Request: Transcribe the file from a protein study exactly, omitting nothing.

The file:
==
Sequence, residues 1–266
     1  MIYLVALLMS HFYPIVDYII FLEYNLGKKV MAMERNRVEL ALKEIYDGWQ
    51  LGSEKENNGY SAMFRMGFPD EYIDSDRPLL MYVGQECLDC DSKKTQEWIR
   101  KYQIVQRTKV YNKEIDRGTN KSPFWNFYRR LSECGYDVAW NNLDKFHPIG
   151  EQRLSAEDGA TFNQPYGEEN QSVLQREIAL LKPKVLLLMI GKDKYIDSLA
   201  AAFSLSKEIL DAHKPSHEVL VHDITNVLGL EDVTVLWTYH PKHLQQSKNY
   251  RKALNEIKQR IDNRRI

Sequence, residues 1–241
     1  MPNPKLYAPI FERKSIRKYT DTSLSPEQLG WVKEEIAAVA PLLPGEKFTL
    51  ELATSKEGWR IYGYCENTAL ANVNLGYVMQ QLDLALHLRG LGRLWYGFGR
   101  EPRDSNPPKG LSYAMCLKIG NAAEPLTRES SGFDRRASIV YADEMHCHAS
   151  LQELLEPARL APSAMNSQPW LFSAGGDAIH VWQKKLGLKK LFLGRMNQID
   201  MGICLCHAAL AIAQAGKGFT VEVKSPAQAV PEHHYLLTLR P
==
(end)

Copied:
Sequence, residues 1–266
     1  MIYLVALLMS HFYPIVDYII FLEYNLGKKV MAMERNRVEL ALKEIYDGWQ
    51  LGSEKENNGY SAMFRMGFPD EYIDSDRPLL MYVGQECLDC DSKKTQEWIR
   101  KYQIVQRTKV YNKEIDRGTN KSPFWNFYRR LSECGYDVAW NNLDKFHPIG
   151  EQRLSAEDGA TFNQPYGEEN QSVLQREIAL LKPKVLLLMI GKDKYIDSLA
   201  AAFSLSKEIL DAHKPSHEVL VHDITNVLGL EDVTVLWTYH PKHLQQSKNY
   251  RKALNEIKQR IDNRRI

Sequence, residues 1–241
     1  MPNPKLYAPI FERKSIRKYT DTSLSPEQLG WVKEEIAAVA PLLPGEKFTL
    51  ELATSKEGWR IYGYCENTAL ANVNLGYVMQ QLDLALHLRG LGRLWYGFGR
   101  EPRDSNPPKG LSYAMCLKIG NAAEPLTRES SGFDRRASIV YADEMHCHAS
   151  LQELLEPARL APSAMNSQPW LFSAGGDAIH VWQKKLGLKK LFLGRMNQID
   201  MGICLCHAAL AIAQAGKGFT VEVKSPAQAV PEHHYLLTLR P